Looking back, I have mixed feelings about leaving 2016 behind. On the one hand, I want nothing more than to turn my back on the ugly election cycle and it’s deplorable outcome.(yes, I intentionally use that word) On the other hand, 2016 saw my daughter, Dana, marry Chad, the love of her life, and it was a burst of love so spectacular, it remains a bright, shining memory in an otherwise dark year.
So, going into 2017, I’ve made a conscious decision to shine my light throughout the coming year. Not to get all preachy and stuff, but all the world’s religions mention the importance of light. In Christianity, Jesus is said to be “the light of the world,” by the apostle John. In the gospel of Matthew, Christ reminds the disciples, “In the same way, let your light shine before others, so that they may see your good works and give glory to your Father in heaven.” He’s basically telling them (and us) to show through our actions that same love, compassion and forgiveness that He did. Hindus, Jainists, and Sikhs celebrate Diwali, which is a festival of lights signifying the victory of light over darkness, good over evil, knowledge over ignorance and hope over despair. The Quran refers to Allah as “the Light of the heavens and the earth…” And, of course, there’s the Menorah, sacred symbol of Judaism. Scholars have noted that it branches outwards, just as our demeanor, behavior, personality, and especially good deeds should branch out and influence others to illuminate the world around us.
How will you shine your light this year? I suggest you start small. Clean out your closet and donate those pants you’re never going to fit into to the thrift store in your community. Mine is the Gold Mine Resale Shop run by the Women’s Resource Center here in Petoskey, Michigan. And while you’re at it, most local libraries would love to have your gently used books, especially best sellers and even DVD’s. Feeling more ambitious? Volunteer in your community. Find a cause that speaks to you and let’s you shine your light. I’m on the board of the Manna Food Project, and even drive their truck once a week to rescue food from area stores for use in their pantry and the other 37 agencies in northern Michigan. My daughter, Dana, volunteers at the Trevor Project in Los Angeles. They provide crisis intervention and suicide prevention services to lesbian, gay, bisexual, transgender and questioning (LGBTQ) young people ages 13-24. Really getting interested now? Attend city council meetings, write letters to the editor about causes you support, contact your elected officials and let them know how you feel about issues. Go out and shine your light!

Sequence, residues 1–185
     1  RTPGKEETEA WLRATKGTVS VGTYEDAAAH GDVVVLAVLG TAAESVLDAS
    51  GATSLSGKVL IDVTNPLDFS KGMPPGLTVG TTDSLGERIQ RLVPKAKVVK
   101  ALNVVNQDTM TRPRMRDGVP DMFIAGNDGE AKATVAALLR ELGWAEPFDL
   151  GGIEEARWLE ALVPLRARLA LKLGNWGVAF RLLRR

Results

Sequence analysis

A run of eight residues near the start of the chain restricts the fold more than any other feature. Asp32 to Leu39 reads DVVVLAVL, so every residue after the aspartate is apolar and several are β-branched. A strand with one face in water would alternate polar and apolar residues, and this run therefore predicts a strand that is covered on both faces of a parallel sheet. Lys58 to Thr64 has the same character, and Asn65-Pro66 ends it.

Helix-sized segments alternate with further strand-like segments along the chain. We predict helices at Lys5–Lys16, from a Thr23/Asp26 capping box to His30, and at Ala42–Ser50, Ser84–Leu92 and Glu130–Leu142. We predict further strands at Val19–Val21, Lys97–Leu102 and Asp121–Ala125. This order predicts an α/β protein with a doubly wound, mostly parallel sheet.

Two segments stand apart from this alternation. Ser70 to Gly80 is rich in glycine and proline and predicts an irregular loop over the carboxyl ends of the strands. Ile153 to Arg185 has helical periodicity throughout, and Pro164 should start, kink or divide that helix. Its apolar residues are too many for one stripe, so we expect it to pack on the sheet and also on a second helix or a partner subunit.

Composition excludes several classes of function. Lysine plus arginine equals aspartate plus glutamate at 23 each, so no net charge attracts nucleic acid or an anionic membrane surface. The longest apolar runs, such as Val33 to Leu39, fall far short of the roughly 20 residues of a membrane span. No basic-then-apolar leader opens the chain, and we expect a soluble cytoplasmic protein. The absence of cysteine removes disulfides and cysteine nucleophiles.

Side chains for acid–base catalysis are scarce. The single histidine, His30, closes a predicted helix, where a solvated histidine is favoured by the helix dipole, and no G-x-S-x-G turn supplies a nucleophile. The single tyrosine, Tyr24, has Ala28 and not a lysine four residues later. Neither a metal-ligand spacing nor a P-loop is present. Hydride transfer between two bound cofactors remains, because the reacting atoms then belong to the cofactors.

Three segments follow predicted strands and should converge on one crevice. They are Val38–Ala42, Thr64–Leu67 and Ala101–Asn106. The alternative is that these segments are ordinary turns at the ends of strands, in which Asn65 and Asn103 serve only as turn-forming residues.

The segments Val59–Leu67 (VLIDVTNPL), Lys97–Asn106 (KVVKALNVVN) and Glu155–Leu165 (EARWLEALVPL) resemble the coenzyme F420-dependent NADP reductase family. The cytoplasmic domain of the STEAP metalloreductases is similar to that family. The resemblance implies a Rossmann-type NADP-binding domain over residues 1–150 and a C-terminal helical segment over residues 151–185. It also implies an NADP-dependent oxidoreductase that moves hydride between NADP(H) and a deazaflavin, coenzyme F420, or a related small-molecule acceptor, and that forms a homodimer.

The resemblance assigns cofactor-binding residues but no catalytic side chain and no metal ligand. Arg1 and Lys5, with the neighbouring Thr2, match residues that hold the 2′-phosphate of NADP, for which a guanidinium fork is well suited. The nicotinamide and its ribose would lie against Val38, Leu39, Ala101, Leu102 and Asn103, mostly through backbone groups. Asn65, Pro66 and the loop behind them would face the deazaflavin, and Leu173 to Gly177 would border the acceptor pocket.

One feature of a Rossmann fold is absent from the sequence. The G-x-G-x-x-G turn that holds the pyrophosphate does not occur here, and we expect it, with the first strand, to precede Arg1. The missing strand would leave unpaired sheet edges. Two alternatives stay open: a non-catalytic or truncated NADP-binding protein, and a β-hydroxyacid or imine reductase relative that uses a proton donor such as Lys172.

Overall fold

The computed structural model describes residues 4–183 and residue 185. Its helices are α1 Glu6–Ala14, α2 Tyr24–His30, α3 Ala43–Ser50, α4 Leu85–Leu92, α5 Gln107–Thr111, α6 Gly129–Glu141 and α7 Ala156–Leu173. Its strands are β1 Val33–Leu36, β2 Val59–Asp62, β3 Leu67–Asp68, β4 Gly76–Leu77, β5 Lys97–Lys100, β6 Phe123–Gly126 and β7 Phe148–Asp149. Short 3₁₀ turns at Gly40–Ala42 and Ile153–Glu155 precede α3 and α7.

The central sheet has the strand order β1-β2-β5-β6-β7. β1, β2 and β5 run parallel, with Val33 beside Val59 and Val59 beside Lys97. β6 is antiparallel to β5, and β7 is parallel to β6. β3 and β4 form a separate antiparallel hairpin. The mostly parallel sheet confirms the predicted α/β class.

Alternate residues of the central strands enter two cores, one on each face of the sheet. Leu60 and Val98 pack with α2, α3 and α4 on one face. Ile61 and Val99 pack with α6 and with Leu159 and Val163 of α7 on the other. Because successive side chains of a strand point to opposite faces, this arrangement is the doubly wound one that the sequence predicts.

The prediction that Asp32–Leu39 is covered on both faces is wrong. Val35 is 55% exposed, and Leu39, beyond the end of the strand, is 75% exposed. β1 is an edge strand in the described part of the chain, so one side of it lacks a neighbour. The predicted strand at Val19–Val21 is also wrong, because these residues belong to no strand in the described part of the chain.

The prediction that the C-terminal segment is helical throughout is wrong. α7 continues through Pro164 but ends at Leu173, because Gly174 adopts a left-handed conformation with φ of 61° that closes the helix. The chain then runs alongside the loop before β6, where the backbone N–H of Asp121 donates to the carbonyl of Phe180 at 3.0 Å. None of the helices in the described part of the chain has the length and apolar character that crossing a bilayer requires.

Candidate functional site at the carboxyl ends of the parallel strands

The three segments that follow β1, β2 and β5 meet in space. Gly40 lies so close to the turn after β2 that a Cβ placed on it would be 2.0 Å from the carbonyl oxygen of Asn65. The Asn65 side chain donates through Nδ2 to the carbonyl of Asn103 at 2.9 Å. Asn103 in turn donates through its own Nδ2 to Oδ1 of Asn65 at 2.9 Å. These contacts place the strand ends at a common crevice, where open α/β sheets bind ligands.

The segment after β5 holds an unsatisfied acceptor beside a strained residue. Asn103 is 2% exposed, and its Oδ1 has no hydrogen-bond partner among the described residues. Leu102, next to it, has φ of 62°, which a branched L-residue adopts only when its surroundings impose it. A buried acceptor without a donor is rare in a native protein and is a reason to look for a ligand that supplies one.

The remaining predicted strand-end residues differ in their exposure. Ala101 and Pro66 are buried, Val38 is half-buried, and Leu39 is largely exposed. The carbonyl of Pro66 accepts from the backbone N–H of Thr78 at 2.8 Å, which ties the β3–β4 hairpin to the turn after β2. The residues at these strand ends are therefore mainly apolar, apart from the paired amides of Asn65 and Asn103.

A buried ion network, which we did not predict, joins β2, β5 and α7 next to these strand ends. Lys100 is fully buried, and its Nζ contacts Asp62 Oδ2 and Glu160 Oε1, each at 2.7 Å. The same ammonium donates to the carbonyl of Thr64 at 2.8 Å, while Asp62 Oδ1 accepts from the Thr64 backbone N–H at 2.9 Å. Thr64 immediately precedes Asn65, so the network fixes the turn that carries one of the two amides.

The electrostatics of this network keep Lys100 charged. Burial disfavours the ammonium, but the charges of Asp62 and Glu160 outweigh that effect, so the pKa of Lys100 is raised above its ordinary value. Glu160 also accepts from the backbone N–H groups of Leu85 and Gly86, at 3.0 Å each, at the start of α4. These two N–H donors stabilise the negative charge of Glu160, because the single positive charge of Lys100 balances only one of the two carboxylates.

I’ll leave you with “This Little Light of Mine.” Nobody sings it better that the VeggieTales.